• Join over 1.2 million students every month
  • Accelerate your learning by 29%
  • Unlimited access from just £6.99 per month

To what extent does a fear of Communism explain the changes in American policy towards immigration in the 1920s?

Extracts from this document...


To what extent does a fear of Communism explain the changes in American policy towards immigration in the 1920s? In the 1920s, the changes in American policy towards immigration were partly due to a fear of Communism within the country however, other factors were significant. In the 1920s it was largely felt throughout America that some immigrants, mainly from Eastern Europe were trying to provoke a Communist revolution in the country. As a result of this, hostility towards immigrants grew and thus American policy changed. Due to World War I, policy towards immigration changed further due to the growth of nativism in America. This increased xenophobia within the country, particularly towards the Germans, and resulted in Americans wanting less immigration. The social problems in America such as crime and poor housing were largely blamed on immigrants, increasing hostility, and along with the fear for American society and beliefs, policy towards immigration changed further. Economic fears were also a significant factor in this changing policy due to the loss of American jobs. This was the result of many immigrants willing to work for less pay and in poorer conditions than Americans, thus increasing hostility towards them. Also, due to the different religious backgrounds of the immigrants, religious fears were evidently a factor in this changing policy. These different religions made Americans fear for their largely Protestant society. Overall, these factors contributed greatly to the changing American policy on immigration and resulted in the desire of 'America for Americans'. ...read more.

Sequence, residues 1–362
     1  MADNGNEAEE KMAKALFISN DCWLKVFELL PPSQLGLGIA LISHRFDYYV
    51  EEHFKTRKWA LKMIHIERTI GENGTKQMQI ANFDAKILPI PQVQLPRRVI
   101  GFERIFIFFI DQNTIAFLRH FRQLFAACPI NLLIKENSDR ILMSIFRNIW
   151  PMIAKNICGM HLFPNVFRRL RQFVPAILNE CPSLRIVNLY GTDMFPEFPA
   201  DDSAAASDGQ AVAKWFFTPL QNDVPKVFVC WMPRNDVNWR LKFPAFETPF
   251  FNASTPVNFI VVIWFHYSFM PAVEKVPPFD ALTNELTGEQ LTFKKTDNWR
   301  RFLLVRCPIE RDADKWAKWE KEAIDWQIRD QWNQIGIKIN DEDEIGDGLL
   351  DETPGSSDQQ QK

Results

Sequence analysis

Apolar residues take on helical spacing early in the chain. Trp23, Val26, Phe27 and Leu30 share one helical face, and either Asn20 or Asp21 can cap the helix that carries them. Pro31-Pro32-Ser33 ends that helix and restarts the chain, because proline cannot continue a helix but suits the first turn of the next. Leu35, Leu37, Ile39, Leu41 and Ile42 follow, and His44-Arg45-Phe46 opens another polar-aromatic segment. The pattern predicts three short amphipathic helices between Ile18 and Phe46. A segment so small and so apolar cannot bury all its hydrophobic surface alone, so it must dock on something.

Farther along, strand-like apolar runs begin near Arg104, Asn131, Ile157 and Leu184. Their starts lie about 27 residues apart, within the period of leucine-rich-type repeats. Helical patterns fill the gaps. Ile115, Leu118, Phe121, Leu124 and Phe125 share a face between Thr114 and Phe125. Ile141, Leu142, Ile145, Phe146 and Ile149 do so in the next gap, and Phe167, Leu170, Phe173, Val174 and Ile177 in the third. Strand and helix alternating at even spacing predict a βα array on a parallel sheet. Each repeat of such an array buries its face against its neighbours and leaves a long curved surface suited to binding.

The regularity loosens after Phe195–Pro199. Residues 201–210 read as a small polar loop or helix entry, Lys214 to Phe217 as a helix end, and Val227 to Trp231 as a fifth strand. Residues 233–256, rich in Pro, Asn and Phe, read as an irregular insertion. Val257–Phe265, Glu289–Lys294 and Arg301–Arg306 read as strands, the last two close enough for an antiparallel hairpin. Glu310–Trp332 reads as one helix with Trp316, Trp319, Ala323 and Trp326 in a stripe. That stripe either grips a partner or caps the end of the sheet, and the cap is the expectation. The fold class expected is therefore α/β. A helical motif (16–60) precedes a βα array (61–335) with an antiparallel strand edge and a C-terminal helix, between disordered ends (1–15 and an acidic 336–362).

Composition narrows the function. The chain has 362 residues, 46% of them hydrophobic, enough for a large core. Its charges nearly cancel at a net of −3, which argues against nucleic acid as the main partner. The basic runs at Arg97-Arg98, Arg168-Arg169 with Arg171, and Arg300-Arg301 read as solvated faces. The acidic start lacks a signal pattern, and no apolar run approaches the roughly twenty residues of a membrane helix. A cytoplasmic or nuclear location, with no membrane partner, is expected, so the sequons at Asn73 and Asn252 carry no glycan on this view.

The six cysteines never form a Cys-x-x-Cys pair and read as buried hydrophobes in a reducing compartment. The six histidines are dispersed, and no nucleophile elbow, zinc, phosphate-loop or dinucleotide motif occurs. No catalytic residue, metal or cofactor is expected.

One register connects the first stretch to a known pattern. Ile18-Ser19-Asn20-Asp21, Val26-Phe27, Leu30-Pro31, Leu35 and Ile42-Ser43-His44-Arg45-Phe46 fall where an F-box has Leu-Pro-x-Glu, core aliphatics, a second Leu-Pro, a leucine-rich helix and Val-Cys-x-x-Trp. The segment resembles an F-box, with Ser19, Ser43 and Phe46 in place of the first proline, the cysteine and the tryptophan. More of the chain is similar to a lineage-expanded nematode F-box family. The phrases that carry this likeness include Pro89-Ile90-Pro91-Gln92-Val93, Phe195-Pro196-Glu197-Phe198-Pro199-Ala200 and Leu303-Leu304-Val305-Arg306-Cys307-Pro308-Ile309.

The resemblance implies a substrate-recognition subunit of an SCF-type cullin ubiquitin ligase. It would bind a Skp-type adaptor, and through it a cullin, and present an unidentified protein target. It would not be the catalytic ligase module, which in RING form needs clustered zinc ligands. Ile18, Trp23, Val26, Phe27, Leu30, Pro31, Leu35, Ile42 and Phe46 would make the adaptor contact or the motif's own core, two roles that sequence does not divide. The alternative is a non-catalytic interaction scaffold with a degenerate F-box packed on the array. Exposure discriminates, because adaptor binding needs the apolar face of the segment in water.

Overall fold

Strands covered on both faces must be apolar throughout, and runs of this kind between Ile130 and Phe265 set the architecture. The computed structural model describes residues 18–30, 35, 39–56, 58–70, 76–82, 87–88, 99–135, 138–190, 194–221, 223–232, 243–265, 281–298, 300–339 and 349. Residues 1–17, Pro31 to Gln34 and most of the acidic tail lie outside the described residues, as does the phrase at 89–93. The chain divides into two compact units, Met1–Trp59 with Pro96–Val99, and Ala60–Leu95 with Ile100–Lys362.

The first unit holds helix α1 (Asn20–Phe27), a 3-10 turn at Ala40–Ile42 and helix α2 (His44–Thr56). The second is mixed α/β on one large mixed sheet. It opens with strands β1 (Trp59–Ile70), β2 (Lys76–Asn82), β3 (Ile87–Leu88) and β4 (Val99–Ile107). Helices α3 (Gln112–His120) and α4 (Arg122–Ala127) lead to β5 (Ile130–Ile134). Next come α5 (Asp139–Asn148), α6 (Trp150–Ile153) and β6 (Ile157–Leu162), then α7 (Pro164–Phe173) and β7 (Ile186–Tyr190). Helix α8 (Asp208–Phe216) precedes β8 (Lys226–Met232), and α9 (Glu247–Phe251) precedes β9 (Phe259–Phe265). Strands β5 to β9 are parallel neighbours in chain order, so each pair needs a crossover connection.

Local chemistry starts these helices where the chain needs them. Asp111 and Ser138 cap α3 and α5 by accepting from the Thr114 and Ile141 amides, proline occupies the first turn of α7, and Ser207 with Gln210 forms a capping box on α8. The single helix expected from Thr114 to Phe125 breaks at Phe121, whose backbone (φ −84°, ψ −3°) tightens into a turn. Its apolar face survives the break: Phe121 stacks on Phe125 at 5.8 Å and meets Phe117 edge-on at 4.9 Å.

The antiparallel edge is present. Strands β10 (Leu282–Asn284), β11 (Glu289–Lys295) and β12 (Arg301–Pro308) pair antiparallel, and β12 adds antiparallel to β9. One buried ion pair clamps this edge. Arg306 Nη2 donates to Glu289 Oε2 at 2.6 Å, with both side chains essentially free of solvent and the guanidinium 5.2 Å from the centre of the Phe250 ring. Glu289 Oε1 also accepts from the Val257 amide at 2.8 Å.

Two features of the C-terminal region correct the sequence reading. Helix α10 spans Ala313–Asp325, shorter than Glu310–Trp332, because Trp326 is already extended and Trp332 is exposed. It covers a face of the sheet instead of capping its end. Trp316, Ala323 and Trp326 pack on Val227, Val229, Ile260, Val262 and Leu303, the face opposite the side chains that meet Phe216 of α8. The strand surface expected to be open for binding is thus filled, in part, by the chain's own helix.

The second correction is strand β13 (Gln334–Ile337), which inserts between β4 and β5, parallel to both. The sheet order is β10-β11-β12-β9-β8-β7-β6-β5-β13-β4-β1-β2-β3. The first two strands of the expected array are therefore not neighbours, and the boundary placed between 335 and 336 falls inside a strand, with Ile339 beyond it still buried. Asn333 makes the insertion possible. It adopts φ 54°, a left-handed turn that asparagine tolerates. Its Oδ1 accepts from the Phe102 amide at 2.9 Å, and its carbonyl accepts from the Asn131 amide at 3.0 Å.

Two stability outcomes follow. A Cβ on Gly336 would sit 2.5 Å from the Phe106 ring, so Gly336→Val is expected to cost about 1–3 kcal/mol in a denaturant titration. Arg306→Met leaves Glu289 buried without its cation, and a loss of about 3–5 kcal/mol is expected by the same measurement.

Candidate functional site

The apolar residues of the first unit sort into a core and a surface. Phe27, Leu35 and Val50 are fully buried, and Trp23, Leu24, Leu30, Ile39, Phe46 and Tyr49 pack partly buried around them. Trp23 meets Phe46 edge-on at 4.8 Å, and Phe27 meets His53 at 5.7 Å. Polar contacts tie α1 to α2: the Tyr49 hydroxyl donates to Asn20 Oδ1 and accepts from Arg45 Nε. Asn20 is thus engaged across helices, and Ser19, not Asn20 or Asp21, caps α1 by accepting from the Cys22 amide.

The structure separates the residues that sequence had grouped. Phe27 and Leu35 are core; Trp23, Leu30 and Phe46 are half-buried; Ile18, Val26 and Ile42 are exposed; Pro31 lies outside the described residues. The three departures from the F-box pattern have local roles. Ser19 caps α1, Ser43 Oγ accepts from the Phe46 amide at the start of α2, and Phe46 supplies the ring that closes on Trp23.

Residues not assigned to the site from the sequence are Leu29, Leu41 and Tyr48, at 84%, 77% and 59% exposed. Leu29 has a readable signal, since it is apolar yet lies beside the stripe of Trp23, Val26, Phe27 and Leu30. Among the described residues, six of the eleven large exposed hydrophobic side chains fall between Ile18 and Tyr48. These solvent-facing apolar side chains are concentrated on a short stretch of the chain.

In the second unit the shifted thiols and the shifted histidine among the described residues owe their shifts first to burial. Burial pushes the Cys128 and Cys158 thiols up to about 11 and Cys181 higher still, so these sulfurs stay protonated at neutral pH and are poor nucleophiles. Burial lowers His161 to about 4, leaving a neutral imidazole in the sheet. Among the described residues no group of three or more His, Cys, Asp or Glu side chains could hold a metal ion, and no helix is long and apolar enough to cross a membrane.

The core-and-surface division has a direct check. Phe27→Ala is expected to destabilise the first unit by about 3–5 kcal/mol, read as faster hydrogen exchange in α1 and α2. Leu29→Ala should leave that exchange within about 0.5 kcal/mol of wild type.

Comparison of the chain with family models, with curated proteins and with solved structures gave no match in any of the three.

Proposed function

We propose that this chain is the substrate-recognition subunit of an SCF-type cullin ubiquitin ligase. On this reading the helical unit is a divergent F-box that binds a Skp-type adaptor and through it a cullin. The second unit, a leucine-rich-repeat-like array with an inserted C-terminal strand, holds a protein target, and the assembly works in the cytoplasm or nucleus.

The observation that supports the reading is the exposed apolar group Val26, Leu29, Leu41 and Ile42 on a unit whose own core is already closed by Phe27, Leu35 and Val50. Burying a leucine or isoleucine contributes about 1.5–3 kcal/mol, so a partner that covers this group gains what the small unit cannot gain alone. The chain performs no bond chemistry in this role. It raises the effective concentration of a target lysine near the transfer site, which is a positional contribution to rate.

The war therefore changed the American policy on immigration as there was an increased feeling of hostility towards foreign members of society, meaning it can be argued that it had more of an influence than the fear of Communism. As well as Communist fears and the results of World War I, there were many significant social fears that contributed to the changing American policy on immigration. In the 1920s, many unskilled and poorly paid 'new' immigrants lived in poor conditions and in big cities. Many Americans resented these immigrants as they blamed them for running-down the areas they lived in and due to increased crime (linked to the Italians) and increased drinking (linked to the Irish and Southern Germans), hostility towards immigrants increased further. Many journalists, reformers and politicians held the increasing crime rates in cities as proof of the bad influence of immigrants. It can however be argued that social fears were of limited influence in this changing policy as most crimes committed were petty and associated with poverty rather than ethnicity. As well as the influence of crime rates, education was another factor which was influential in America's changing policy. Many schools tried to refuse entry to many immigrants and were impervious to the efforts of political bosses to allow the students in. This further emphasises the hostility felt towards these immigrants as despite the complains about their lack of education, many felt they should not be allowed into prestigious universities. ...read more.


The xenophobia resulting from World War I also contributed greatly to this changing policy and also, the Immigration Acts that were passed to limit the amount of immigrants entering America were greatly influential and arguably more significant than the fear of Communism. Due to social fears in America such as poor housing and growing crime rates being blamed on immigrants it can be argued that they were significant in the changing policy on immigration and due to the strong evidence on discrimination, they can be argued to have had more of an influence that the fear of Communism. Economic fears in America also contributed to this changing policy as hostility grew towards immigrants due to them willingly working for lower pay and in poorer conditions however, due to the benefits of this labour to the country it can be argued to have had less of an influence than the fear of Communism. Also, the growing fears of foreign religions in America also played a part in this changing policy as many Americans believed that they were a threat to their WASP society and due to the support of groups such as the KKK there is an argument that these religious fears were more significant than the fear of Communism. Overall, it is evident that the fear of Communism was a significant factor in the changing American policy over immigration, however due to many other - some more significant - factors, its significance is limited. Stacey Mitchell 6L3 ...read more.